769 - Lies, like a lot of what was said
We settled in, and I began doing what I wanted, minus politics. My Part in the Arkan War, as I titled the book, I shared with the students of the Circle School as I went, both as lessons to them and to refine the writing. Kaninjer forbade me travel until late summer.
But people wanted other things of me. I had a stack of letters almost a cubit high in my office in the Hearthstone Independent. Very little was political; it seemed word had got around, though of course with Artira, whose letters were so utterly personal you’d never think she was Imperator, it could be that she was determined to be out of my shadow.
Terera University wanted me to teach warcraft philosophy; the Workfast Literary told me if I wrote a memoir they’d publish it in Yeoli, Enchian, Arkan, Lakan and possibly other languages; Intharas asked if I’d start writing my philosophy articles again, saying that a lot of people had complained when they stopped, which surprised me; I thought they’d been interested only because I was Imperator.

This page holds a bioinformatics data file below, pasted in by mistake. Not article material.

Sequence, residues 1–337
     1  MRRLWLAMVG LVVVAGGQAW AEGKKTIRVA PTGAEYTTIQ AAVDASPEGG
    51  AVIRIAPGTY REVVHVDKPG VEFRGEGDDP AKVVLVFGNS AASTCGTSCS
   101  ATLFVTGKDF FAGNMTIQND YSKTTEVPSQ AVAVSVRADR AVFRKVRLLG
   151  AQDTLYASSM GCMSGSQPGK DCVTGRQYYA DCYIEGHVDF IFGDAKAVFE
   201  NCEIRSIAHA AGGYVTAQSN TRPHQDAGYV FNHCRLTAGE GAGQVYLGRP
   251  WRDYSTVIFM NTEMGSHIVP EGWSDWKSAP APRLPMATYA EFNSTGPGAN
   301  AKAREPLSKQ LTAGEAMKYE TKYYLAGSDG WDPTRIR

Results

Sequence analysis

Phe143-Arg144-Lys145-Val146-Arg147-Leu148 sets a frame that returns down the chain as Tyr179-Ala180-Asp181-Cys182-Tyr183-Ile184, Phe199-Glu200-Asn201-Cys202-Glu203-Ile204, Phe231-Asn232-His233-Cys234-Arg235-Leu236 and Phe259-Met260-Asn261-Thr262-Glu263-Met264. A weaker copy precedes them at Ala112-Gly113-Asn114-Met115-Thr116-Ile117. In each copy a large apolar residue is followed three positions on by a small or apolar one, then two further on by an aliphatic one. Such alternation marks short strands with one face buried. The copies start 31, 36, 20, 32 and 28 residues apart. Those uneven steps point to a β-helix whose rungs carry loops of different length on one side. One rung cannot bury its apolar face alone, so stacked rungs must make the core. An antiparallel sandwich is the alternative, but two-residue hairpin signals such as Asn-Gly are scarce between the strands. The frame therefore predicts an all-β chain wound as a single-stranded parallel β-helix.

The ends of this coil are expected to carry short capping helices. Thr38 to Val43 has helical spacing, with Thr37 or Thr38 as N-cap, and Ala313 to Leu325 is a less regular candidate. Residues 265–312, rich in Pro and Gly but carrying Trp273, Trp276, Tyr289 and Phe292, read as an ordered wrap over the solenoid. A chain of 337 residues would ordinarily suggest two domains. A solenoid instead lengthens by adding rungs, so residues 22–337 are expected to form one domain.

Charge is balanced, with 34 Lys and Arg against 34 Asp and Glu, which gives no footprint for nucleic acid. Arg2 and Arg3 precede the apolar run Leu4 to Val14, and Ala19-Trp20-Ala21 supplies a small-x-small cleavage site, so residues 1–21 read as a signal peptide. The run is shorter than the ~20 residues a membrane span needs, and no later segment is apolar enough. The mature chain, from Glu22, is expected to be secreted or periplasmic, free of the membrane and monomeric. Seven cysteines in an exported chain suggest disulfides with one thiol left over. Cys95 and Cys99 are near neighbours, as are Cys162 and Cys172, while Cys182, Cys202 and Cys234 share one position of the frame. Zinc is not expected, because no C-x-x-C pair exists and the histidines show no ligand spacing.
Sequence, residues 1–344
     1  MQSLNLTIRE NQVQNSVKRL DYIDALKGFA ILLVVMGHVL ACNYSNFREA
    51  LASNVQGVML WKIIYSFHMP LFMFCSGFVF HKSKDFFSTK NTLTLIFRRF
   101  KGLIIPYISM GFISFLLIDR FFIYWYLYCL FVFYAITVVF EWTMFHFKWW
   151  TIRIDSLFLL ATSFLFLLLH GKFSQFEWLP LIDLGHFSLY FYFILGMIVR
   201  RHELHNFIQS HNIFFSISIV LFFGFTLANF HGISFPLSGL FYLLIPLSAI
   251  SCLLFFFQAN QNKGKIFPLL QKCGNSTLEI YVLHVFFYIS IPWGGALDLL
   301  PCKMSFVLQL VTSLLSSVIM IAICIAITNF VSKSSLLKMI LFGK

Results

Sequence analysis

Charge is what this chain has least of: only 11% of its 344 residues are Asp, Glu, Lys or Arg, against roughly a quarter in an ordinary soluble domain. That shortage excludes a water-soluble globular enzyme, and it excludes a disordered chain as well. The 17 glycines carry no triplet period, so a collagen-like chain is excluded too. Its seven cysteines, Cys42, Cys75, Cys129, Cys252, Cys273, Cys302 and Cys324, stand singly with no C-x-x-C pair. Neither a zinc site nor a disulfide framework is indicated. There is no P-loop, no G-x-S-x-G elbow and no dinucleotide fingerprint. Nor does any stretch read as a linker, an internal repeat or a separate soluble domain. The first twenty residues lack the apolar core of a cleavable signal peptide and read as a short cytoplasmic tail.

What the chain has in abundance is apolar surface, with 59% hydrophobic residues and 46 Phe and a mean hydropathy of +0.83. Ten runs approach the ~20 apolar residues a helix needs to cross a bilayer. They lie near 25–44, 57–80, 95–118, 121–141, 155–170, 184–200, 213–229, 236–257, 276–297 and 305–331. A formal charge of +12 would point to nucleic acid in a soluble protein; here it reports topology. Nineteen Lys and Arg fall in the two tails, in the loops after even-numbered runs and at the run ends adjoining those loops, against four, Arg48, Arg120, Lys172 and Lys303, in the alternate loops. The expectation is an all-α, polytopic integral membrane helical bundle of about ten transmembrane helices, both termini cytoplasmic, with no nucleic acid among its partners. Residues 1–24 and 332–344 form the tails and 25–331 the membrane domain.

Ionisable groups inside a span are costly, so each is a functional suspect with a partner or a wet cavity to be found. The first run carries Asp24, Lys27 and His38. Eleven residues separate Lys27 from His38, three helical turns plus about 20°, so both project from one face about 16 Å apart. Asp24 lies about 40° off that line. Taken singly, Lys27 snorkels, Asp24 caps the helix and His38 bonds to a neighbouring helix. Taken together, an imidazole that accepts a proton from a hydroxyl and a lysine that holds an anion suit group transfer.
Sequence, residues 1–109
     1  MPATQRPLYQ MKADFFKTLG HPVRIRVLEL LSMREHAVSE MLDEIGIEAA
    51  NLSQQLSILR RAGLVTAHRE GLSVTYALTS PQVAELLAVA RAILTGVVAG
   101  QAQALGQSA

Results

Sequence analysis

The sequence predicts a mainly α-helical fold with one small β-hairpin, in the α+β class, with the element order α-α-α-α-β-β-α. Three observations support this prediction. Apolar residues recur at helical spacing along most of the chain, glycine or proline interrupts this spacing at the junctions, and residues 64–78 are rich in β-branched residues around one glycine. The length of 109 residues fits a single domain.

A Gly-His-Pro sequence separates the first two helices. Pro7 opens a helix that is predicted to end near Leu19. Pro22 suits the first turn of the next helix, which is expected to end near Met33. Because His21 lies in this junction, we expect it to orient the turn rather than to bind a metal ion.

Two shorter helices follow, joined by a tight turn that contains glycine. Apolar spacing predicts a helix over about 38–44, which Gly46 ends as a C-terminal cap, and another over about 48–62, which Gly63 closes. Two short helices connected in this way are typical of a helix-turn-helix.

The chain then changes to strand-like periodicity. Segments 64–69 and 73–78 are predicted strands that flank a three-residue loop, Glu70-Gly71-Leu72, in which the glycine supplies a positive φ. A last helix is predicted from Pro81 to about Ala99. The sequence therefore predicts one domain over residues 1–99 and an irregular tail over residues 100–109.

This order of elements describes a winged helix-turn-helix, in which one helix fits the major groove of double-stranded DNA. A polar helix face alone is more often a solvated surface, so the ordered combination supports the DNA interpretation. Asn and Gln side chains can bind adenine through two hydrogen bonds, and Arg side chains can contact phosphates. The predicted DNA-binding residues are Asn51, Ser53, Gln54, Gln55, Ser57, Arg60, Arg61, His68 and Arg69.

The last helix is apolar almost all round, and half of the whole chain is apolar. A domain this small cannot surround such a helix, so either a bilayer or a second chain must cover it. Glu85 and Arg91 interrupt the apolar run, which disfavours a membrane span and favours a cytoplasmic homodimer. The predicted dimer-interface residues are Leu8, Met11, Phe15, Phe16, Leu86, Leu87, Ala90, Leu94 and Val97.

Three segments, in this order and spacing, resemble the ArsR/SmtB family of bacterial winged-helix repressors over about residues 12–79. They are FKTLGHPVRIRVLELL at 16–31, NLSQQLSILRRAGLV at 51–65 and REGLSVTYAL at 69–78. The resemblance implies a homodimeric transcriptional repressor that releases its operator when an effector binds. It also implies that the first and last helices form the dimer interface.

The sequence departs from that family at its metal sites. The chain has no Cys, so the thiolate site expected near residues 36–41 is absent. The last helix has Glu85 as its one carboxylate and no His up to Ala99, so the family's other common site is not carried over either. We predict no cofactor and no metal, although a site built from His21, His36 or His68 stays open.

I said no to the University, wanting to teach hands-on warcraft only, and no to Intharas, since I knew I’d be tempted to make political points and that could be seen as interfering with Artira’s course. To Literary, I said “Maybe.” You see how I ended up deciding.
We did a lot of entertaining. Skorsas had made sure the Hearthstone Independent was built for it. I’d put out in the Terera Pages that anyone who’d contributed to its building had a standing invitation, so they’d come, mostly just to see it; then there were visiting friends, cousins, war-students, patients of Kaninjer and so forth. Huge though the greater dining room was, it was often three-quarters full, except for special occasions, when it was crammed; for New Years it spilled outside onto the terrace. (It struck me that if the serving dishes had wheels like faibiskitzai, it would be easier for everyone to serve each other, so the first time Diyadesai came I mentioned the idea. About a moon later she came back to present us with thirty vessels that all had little wheels, and rolled smooth and straight. All the kids learned soon how to aim them.)